Punjab Elections

With the Aam Aadmi Party (AAP) announcing LokSabha MP Bhagwant Mann as its chief ministerial face, the electoral battle lines are now clearly demarcated in the Punjab Assembly election. All parties or coalitions have declared or undeclared chief ministerial faces for the about 2 crore voters of Punjab who will vote for the next government on February 20.The ruling Congress party has a problem of plenty with incumbent Charanjit Singh Channi refusing to cede ground to hawkish Punjab Congress president Navjot Singh Sidhu, who has bordered on challenging the Gandhis of the party recently when he said the people of Punjab and not the high-command sitting in Delhi would decide the next chief minister of Punjab. The Shiromani Akali Dal (SAD)-Bahujan Samaj Party (BSP) alliance has SukhbirBadal as its undisputed chief ministerial face. If the fledgling coalition of Punjab Lok Congress (PLC)-Bharatiya Janata Party (BJP) gets to a position of government formation, Captain Amarinder Singh will be the likely face of the alliance. And, if the
farmers’ protest over a year-long protest against the three central farm reforms laws sweeps other issues under
the carpet and brings the Samyukt Samaj Morcha (SSM) to power equation, its leader Balbir Singh Rajewal will
likely be the chief ministerial face, even though not officially declared. But in Punjab the main challenge for political parties lies elsewhere. The state, beset by several crises, has just witnessed a farmers’ movement which, with no clear leader at the helm, forced a powerful central government to backtrack on farm laws that it had defended for months. The Centre’s laws sought to reshape farm policies by resetting relations between farmers, procurement agents/agencies and the state. They were a response to the need to break the standstill in agriculture. But as farm unions mobilised within the state and on Delhi borders, and support flowed in from various sections of Punjabi society, the issue of the merit of the laws was overtaken by resentments against the manner in which they had been pushed through. A standout feature of these successful mobilisations was the protestors’ insistence on keeping established parties off their stage. As elections draw closer, that unwillingness of farmers’ unions to trust the mainstream leadership to champion their cause should serve as a warning for all political parties. The perception that the political mainstream is corrupt and self-serving and is not to be trusted to address public concerns runs deep in Punjab. This cynicism must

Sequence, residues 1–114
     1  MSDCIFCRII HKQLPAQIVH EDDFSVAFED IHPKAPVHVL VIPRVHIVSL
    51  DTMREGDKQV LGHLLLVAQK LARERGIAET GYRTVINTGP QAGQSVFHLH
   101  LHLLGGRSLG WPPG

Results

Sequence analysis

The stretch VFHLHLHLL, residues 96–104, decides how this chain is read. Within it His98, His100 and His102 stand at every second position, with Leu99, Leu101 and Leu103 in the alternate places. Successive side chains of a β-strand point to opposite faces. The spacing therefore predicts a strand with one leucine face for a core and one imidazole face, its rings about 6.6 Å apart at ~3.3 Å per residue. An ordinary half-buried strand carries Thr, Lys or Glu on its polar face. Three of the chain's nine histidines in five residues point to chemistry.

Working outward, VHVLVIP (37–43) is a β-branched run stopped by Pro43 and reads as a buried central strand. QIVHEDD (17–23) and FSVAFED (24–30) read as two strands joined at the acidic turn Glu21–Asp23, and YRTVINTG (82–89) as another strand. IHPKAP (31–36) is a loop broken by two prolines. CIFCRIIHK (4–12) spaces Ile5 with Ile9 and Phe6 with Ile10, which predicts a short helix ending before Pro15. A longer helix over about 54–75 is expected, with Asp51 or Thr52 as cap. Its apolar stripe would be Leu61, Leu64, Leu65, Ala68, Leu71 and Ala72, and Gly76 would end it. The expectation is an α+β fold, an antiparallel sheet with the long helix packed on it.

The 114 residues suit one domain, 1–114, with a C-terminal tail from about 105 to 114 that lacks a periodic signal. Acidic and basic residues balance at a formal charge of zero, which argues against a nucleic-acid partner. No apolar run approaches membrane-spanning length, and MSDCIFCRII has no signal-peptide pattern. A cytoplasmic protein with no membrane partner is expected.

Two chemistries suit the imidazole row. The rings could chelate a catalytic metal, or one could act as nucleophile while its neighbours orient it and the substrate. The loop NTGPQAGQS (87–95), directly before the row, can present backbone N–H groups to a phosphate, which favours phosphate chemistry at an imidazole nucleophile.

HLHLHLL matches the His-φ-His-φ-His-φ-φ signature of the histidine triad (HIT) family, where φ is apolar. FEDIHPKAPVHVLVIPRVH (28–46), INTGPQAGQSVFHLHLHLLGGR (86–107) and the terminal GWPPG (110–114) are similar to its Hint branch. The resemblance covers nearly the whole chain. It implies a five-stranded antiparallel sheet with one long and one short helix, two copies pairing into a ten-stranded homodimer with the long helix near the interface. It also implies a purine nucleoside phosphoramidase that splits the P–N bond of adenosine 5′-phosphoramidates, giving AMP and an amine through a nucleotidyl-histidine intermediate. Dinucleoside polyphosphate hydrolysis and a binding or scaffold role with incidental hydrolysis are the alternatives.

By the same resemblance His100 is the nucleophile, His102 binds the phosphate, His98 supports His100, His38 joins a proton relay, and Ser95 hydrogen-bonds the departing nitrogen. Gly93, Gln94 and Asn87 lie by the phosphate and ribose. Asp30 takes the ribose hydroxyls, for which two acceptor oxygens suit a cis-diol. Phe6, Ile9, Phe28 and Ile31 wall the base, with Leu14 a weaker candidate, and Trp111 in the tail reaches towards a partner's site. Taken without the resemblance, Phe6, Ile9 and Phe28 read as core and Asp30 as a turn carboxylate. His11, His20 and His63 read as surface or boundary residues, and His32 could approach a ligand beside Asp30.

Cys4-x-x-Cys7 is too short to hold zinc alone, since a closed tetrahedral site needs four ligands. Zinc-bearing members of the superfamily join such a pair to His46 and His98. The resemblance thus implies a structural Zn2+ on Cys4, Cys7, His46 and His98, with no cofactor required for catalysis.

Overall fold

be addressed by the political-electoral process.

About Post Author